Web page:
Choose Your Battles

How will new Congress affect DTV transition?


Television itself is shaping up to be the most talked-about reality show of the New Year--at least on Capitol Hill. Various and sundry lawmakers have vowed to establish a drop-dead end to analog TV after the 2004 crusade to do so culminated in a definitive whimper.

Tacked into the Intel Reform bill passed before Christmas, DTV legislation was summed up in a "Sense of Congress" resolution that analog transmissions should end Dec. 31, 2006. Such language carries no legal weight; however, it does infer that the hard-date hand wringing will continue. Two of the issues holding up a hard date include the battle over multicast must-carry, and what to do with all those analog TVs in the market.

Broadcasters have long lobbied to get multicast must-carry before a deadline is established, much to the indifference of FCC Chairman Michael Powell, for whom the "primary video" language in current must-carry law means one video signal. Powell's colleague, FCC Media Bureau Chief Ken Ferree, has split the sheet with his boss on must-carry, suggesting it should cover all bits.

The D.C. Circuit Court last month gave the FCC 30 days to explain why it hadn't settled the issue. While the agency was cogitating, Robert Sachs, chief of the National Cable & Telecommunications Association, filed an ex parte comment saying multicast must-carry (as proposed by broadcasters) would cost the cable industry from $7 billion to $28 billion in consumer hardware. With Sachs stepping down, most probably within the next few months, cable will have to anoint a new standard bearer in the fight against expanded must-carry.

Besides the never-ending scrap over must-carry, another obstacle on the way to an analog deadline is all those over-the-air TVs that would go dark when analog transmitters are shut down--around 70 million, according to the NAB. Lawmakers have bandied about the notion of subsidizing set-top converter boxes that would allow the TVs to continue working, but President Bush sent them all a nice note expressing his distinct lack of enthusiasm for the plan.


Set-top subsidies were a part of the eponymous DTV transition plan put forth by Ferree, who proposed including cable and DBS subscribers in the count that triggers analog shut-off according to the 1997 Balanced Budget Act. Powell originally intended to bring some version of the plan to vote by the end of last year, but following plenty of squabbling on Capitol Hill about just who would author the next round of DTV legislation, a vote on the Ferree Plan was pushed to an early 2005 time frame.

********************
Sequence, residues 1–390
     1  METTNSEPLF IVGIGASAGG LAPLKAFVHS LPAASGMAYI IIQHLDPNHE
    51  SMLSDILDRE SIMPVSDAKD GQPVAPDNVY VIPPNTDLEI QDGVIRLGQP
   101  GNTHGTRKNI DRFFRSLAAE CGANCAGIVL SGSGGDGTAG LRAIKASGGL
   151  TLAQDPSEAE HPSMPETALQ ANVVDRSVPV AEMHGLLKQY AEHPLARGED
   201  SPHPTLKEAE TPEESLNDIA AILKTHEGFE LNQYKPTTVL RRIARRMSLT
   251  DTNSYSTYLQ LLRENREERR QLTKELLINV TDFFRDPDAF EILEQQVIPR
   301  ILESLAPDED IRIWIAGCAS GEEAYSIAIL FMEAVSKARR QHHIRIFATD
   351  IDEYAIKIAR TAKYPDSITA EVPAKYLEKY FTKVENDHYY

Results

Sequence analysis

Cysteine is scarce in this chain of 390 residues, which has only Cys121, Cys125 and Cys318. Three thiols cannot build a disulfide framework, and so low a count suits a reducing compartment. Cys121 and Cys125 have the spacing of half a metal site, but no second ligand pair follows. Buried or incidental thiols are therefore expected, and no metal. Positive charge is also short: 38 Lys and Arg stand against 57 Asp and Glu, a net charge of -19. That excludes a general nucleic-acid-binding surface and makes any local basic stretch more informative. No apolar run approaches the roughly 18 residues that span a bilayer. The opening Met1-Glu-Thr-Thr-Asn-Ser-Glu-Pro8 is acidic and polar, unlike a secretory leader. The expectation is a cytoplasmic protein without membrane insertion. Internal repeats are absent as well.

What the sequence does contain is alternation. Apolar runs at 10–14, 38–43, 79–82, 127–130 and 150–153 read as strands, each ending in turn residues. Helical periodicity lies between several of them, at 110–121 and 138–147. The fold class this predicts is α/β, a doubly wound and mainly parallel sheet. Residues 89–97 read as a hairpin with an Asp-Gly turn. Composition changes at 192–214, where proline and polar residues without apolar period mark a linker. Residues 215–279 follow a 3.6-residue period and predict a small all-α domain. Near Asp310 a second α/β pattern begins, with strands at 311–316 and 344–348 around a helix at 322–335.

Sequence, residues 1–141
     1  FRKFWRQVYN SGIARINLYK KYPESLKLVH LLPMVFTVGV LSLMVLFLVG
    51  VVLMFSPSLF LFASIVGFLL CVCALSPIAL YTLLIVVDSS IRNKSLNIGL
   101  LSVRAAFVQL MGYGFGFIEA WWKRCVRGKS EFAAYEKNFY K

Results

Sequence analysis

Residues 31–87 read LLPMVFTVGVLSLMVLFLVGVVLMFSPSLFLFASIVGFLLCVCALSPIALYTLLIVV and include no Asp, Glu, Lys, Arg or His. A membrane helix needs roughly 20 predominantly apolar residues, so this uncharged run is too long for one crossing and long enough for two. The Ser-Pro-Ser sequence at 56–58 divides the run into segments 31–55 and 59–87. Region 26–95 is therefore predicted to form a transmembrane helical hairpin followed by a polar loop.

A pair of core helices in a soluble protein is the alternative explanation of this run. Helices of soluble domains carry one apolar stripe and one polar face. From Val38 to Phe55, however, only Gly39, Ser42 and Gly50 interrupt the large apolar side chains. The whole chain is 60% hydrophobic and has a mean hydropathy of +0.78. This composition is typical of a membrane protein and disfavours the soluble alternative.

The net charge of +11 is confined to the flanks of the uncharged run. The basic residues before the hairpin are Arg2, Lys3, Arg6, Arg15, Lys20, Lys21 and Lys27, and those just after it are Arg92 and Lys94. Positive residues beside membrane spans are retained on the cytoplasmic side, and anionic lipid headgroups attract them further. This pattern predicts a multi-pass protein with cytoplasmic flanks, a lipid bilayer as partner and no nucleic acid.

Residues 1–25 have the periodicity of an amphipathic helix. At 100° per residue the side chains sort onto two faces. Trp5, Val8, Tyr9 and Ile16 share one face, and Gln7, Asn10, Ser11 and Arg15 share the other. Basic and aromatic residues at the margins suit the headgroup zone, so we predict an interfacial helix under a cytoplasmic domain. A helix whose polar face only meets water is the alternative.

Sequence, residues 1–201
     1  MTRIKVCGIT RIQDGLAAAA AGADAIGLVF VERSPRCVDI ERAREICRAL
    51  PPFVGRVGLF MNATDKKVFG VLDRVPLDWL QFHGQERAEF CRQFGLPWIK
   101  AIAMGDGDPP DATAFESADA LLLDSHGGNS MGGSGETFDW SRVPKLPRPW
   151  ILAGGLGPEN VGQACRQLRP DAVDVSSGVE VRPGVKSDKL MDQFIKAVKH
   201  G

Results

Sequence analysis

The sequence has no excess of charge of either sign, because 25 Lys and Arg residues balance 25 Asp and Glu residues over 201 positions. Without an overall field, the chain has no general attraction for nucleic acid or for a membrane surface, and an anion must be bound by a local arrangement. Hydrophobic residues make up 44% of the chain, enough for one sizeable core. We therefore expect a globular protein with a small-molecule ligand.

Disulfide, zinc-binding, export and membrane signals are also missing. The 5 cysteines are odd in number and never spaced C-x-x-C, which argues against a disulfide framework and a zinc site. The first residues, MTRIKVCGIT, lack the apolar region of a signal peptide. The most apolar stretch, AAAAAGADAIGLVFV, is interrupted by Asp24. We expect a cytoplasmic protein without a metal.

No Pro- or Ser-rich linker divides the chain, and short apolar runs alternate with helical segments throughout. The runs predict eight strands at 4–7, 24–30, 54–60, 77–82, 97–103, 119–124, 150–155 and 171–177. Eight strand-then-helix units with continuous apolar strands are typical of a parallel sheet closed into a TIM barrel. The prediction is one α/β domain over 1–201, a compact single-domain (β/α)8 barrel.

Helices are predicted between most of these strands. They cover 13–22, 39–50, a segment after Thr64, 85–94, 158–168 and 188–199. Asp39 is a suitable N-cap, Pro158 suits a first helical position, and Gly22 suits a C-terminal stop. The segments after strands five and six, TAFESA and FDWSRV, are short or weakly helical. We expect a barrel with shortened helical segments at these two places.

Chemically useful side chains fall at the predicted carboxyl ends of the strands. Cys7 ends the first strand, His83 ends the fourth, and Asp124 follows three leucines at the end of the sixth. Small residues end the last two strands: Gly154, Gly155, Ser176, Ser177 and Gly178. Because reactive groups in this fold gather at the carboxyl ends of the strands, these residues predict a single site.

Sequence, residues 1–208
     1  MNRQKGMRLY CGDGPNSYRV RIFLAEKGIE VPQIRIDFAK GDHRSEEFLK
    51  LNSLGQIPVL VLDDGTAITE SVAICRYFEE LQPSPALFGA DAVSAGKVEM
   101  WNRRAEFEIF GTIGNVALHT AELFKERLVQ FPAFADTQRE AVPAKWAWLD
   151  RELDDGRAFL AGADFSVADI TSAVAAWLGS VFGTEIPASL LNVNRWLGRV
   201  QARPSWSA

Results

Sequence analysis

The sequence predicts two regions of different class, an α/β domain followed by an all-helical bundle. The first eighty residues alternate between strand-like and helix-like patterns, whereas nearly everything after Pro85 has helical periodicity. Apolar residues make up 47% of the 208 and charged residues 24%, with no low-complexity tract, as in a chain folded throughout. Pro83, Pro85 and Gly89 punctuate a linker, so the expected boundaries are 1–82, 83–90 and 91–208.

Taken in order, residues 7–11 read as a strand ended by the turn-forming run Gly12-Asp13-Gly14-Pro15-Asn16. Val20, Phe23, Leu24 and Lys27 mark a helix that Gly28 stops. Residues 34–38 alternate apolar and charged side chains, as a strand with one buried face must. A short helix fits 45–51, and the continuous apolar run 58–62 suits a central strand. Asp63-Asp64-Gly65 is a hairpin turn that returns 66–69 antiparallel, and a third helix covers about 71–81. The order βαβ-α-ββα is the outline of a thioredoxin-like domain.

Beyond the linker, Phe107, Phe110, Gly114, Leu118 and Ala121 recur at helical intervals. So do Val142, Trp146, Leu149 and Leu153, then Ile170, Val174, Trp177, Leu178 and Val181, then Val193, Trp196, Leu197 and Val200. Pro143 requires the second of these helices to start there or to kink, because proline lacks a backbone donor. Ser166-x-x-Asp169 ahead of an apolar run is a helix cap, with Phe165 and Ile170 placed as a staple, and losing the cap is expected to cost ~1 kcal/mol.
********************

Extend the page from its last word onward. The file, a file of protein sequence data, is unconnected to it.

Sen. John McCain (R-Ariz.), outgoing chairman of the Senate Commerce Committee, attempted to write DTV deadline legislation last year, but saw it gutted before it reached the Senate floor. Rep. Joe Barton, (R-Texas), the head of the House Commerce Committee, will lead the charge this year, not just to end the DTV transition, but to reform the 1996 Telecom Act as well. He'll be joined in the effort by and Sens. Daniel K. Inouye (D-Hawaii) and Ted Stevens (R-Alaska), who said they plan to initiate a nationwide "listening tour" to get feedback on telecom reform. Tour T-shirts were not available at press time.

Meanwhile, back at the FCC, changes are afoot, according to NAB chief Eddie Fritts.

"The FCC you're dealing with today is not the one that's going to be there," he told reporters early last month.

Commissioner Kathleen Abernathy, whose term expired last June, is expected to exit. Names on the short list for her seat (still) include National Telecommunications and Information Administration Director Michael Gallagher; William Bailey, chief telecom advisor to Sen. John McCain (R-Ariz.); and FCC Chief of Staff Bryan Tramont. Rebecca Klein, who worked for Gov. George W. Bush before she became chairman of the Texas Public Utilities Commission, is also available for a job since losing her bid for Congress. Klein has been mentioned as a contender for Powell's job, but the incumbent chairman continues to insist he has no intention of leaving. Immediately.

Powell may at least want to stick around long enough to straighten out his ill-fated media ownership regulations, which the Third Circuit Court of Appeals stayed last June. The Supreme Court last month held the door open for the FCC to file a cert petition to overturn the Third Circuit ruling.